Some cloud backup services offer unlimited free storage, but only for photos that don’t go over a certain file-size limit. This means your “backup” is apples for apples. You have the files, but they aren’t the same high-resolution as your originals.
What does this mean? Say you had a JPG photo file that was from your 12 mega-pixel digital camera. Upload that to Facebook and the max you’ll have is 2048×2048 pixels, or 4.19 megapixels. Same goes for Google+. Twitter shrinks a shared photo down to 375×375 pixels or just 0.14 megapixels. And Instagram, the photo-loving site itself, only allows a maximum of 612×612 pixels, or 0.37 megapixels.
Maybe you’ve witnessed this compression phenomenon firsthand when you tried to download a photo or two off a friend’s Facebook timeline, only to find it was too tiny and poor quality for you to print it out or do anything else with it at all. There are a few solutions to working around this fact. One is offered by Facebook when you upload photos into albums at least. Choose the “high quality” option to limit compression. Other experts suggest making your file a PNG24 instead as those are not being compressed. One thing to consider is the higher-quality photo file will cause the page to load slower so keep that in mind and maybe only use it for certain specific photos.
One issue to consider with a cloud storage solution is the time it takes for your files to be uploaded via the internet. If you are using your home wi-fi to start a backup with a cloud site, it may freak you out how long the initial backup will take. It depends on how much data you have to backup of course, and the speed (or lack thereof) your ISP offers for uploads.
Typically the base level internet packages do not offer much for upload speeds as most of us are more worried about downloading data. But if you intend to do a major cloud backup, it might be worth asking your ISP for an upgraded plan that bumps your upload speeds to a higher level, at least until your initial backup is complete. After that, the incremental backups won’t take nearly as long!
One other way to speed up your uploads is to NOT use wi-fi but plug directly into your router via ethernet cable. This will ensure the highest possible speeds.
CLOUDS NEED INTERNET
One basic fact is that the cloud needs the internet. Without it, you can’t get to heaven, so to speak. Internet access connects you to the cloud. Most of us are pretty connected in today’s world but if you’ll be in a remote area with limited (or slow) internet access, access to cloud storage will be a challenge.
These days you can get online on planes, cruise ships, trains, vehicles, practically anywhere — so this isn’t usually a concern. However, if you are traveling and can’t access free wifi internet, you’ll be paying for service. When this happens, you typically do NOT want to use your expensive data plan for uploading photos. Save that for when you are on your own free (& protected) wi-fi.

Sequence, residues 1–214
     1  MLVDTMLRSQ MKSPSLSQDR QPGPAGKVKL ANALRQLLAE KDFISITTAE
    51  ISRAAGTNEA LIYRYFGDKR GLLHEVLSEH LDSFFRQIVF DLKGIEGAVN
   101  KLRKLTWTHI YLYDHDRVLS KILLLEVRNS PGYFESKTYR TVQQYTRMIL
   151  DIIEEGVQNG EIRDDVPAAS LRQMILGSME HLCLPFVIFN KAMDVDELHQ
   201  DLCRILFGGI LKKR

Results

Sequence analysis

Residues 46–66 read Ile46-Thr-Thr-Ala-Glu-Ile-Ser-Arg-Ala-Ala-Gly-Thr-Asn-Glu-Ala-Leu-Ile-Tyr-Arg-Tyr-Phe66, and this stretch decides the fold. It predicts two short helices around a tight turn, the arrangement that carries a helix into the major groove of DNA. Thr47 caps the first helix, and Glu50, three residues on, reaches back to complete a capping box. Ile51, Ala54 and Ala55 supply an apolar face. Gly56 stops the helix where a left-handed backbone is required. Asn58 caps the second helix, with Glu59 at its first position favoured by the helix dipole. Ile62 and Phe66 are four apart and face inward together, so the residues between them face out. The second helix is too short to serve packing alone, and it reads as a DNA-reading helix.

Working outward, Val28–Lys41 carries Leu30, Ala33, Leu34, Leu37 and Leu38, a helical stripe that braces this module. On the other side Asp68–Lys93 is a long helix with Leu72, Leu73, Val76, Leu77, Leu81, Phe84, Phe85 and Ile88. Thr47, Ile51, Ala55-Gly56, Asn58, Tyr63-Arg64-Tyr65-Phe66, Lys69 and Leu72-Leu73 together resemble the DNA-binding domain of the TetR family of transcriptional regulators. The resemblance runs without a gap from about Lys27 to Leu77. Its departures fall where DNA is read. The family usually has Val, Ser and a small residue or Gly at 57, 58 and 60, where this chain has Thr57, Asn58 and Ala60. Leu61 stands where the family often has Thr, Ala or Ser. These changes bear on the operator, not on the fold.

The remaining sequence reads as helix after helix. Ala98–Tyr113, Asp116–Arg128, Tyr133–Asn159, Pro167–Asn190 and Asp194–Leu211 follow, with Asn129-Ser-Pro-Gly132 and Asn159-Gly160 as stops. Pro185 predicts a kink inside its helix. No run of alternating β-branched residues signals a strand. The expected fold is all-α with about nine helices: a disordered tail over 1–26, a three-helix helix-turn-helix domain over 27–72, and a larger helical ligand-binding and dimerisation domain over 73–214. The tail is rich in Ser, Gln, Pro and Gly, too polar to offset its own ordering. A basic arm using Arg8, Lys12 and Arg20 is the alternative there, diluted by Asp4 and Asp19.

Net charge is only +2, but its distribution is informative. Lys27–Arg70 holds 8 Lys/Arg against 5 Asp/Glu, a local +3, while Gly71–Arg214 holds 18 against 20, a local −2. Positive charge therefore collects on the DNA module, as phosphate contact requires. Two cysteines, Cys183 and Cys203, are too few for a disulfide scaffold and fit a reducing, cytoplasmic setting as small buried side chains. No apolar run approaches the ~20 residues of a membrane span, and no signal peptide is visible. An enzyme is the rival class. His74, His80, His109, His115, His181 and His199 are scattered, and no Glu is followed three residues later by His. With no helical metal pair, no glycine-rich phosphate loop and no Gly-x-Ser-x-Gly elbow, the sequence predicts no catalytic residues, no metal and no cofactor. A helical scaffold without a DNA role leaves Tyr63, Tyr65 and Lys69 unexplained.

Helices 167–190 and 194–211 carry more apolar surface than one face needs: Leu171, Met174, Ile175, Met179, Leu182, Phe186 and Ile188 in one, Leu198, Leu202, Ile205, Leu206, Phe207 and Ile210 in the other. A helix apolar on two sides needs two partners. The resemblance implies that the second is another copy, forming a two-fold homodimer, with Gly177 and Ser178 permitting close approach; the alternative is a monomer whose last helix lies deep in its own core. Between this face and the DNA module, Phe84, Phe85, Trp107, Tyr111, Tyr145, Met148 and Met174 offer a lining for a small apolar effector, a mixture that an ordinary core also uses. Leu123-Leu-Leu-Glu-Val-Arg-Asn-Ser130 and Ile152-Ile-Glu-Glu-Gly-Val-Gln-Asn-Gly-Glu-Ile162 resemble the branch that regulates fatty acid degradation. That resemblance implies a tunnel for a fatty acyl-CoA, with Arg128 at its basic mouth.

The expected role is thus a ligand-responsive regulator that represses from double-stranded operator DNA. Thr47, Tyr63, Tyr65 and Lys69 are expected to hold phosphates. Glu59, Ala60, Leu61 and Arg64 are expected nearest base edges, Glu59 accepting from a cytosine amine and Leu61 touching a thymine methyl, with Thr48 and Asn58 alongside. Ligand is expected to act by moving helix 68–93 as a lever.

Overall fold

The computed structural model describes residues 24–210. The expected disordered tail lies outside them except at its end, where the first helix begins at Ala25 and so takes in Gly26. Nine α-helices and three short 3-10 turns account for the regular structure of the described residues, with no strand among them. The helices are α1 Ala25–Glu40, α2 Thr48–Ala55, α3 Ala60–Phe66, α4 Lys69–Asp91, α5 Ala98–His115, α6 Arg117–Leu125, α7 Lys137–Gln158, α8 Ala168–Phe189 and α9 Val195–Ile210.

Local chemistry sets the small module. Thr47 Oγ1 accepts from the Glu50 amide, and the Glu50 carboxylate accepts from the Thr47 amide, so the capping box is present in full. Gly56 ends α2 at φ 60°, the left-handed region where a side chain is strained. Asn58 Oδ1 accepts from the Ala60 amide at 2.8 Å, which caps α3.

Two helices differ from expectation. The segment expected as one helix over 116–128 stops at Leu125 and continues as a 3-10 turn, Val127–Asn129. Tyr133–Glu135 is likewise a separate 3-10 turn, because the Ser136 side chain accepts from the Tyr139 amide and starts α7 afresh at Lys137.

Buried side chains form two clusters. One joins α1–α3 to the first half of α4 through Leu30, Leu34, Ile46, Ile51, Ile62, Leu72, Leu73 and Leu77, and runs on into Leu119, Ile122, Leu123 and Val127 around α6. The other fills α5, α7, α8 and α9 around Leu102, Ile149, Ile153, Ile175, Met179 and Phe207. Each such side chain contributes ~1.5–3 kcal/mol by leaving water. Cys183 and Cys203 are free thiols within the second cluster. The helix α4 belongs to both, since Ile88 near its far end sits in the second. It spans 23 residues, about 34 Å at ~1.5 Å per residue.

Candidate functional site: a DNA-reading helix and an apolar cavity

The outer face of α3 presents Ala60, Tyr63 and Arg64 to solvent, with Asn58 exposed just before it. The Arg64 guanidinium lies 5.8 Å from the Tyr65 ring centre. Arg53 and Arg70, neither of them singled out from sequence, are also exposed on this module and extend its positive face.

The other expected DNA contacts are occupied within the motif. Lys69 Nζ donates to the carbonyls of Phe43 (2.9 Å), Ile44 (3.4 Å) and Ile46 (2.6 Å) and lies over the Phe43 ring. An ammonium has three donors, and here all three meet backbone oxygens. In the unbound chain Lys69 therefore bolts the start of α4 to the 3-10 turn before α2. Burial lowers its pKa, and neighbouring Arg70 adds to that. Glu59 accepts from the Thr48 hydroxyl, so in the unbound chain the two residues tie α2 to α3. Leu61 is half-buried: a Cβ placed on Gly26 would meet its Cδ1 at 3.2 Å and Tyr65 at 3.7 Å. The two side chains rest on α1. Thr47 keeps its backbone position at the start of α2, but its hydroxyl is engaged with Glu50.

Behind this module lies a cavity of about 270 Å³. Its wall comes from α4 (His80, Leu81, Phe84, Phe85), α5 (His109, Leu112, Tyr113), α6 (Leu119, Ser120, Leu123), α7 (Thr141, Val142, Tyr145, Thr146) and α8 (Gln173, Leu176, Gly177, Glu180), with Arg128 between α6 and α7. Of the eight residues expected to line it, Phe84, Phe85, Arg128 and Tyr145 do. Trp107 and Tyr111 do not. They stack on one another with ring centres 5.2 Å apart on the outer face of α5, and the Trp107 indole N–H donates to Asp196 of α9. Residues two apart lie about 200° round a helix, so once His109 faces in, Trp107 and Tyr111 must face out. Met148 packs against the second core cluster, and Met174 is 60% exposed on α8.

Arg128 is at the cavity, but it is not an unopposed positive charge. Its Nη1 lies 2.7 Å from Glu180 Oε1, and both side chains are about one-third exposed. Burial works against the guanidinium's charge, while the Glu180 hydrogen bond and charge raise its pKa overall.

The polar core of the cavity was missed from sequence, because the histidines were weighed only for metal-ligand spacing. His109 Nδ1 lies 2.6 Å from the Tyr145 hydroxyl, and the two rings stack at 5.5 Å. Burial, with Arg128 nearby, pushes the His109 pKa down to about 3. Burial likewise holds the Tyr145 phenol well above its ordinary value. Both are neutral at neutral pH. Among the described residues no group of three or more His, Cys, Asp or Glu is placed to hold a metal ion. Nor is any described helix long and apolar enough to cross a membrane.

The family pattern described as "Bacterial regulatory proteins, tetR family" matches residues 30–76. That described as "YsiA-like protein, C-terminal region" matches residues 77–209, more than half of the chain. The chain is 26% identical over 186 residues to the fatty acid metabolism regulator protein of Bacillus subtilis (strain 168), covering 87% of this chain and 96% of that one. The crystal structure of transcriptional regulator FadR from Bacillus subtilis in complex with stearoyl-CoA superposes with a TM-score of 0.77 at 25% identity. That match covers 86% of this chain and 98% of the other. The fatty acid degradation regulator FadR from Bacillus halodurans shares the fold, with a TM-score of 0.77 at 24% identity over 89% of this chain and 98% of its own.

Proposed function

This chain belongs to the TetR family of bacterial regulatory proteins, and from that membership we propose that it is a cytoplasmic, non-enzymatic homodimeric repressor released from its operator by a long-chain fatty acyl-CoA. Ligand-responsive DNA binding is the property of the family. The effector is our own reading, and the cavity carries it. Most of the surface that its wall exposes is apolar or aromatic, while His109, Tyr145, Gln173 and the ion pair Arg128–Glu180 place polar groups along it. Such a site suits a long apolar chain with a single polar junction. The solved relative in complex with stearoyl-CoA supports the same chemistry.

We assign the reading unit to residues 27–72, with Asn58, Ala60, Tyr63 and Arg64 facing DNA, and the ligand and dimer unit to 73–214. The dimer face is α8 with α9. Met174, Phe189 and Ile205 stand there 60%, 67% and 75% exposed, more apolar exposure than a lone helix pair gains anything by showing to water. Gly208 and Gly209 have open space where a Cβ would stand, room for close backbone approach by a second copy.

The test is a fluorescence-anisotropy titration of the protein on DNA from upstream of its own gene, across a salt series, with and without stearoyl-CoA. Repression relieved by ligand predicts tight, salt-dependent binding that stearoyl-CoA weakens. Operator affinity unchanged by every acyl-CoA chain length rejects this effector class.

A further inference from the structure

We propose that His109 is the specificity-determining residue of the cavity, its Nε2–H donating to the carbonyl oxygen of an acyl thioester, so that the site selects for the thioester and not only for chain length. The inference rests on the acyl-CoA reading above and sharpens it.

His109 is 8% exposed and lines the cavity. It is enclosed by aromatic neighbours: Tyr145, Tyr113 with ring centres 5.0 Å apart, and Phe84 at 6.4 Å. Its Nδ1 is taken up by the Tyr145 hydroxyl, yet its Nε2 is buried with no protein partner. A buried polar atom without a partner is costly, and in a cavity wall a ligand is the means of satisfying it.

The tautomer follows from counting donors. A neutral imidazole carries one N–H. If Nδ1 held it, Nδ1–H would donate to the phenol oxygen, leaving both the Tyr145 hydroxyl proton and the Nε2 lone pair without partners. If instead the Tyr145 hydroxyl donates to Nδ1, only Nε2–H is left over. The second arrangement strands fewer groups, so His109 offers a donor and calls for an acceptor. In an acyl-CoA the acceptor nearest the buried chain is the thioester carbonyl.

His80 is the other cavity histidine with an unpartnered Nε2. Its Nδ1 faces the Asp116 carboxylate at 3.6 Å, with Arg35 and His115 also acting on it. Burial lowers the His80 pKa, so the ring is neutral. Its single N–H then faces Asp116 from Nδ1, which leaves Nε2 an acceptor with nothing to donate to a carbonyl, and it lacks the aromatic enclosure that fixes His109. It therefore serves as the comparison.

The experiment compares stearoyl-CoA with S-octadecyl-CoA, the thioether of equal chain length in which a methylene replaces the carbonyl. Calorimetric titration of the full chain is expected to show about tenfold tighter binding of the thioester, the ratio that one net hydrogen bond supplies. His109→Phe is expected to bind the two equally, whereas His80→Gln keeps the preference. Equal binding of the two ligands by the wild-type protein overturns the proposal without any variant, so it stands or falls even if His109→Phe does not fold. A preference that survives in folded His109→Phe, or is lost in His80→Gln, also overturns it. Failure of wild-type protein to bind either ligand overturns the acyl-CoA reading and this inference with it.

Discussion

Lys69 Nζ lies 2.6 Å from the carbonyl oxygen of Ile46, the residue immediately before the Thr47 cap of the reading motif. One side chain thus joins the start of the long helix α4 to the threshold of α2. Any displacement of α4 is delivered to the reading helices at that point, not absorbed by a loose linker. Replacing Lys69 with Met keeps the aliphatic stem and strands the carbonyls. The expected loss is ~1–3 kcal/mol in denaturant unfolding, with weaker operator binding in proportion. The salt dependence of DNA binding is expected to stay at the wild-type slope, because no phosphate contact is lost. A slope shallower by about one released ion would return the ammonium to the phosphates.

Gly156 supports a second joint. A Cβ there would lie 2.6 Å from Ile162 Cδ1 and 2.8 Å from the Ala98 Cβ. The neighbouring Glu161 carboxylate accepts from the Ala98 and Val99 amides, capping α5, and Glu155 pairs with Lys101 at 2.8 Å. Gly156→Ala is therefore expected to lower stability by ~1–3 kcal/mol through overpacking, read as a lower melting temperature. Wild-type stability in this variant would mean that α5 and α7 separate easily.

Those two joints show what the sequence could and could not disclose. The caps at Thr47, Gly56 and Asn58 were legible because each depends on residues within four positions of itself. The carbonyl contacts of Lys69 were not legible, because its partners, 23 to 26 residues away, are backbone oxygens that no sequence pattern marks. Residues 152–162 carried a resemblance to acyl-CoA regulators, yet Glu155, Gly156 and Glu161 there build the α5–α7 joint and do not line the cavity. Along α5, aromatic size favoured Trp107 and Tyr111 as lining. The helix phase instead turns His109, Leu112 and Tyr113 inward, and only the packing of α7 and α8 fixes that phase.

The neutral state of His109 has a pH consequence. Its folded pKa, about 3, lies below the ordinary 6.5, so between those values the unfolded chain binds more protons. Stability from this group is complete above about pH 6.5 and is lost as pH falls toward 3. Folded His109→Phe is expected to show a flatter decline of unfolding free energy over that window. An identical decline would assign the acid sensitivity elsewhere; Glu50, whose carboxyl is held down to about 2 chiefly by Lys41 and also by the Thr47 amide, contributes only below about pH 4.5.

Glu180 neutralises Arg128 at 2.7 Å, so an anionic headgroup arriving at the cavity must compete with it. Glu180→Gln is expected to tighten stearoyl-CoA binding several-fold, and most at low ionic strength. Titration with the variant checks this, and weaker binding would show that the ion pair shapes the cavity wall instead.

What’s awesome about having your photos stored in the cloud is that they are accessible to you from any internet-enabled device. So you can show and share your pics with anyone right from your mobile device (phone or tablet) while you are away from home, visiting family, on vacation or anywhere on the planet.
THE [KITCHEN] SYNC
Cloud storage isn’t the best unless it can sync, meaning update regularly. Say you upload your photos to your cloud provider. Then you go back and edit a few of those photos. You don’t want to risk losing your updates, do you? And you don’t want to manually go to upload the ones you edit each time back to the cloud. You want it to happen auto-magically! And that’s what syncing can do. It checks every so often (some intervals can be determined by you) to see if any files have been changed. If they have, it will upload the new version to the cloud for you. Done deal.
I’m not going to delve into great detail over all the options available as this will become its own specific series at a later date. I will mention many of the choices out there and let you do your own research to decide your best solution. You may want to study their privacy policies, security protocols, sharing options, file types, and of course, storage limits.
Google Drive, Crashplan, and Dropbox are three of the heavy hitters for cloud storage. Best of all, these offer automatic uploading and syncing, which are a must-have when it comes to backing up photos. Unless you are the type who manually backs up photos daily. [I doubt those people exist. And if they do, they certainly aren’t reading my Spring Fling Digital Photo Organizing Challenge blog!]
Personally, I use the first two right now. I’ve only used Dropbox for “other” file types and sharing with colleagues but I know many people depend on it for photo storage too.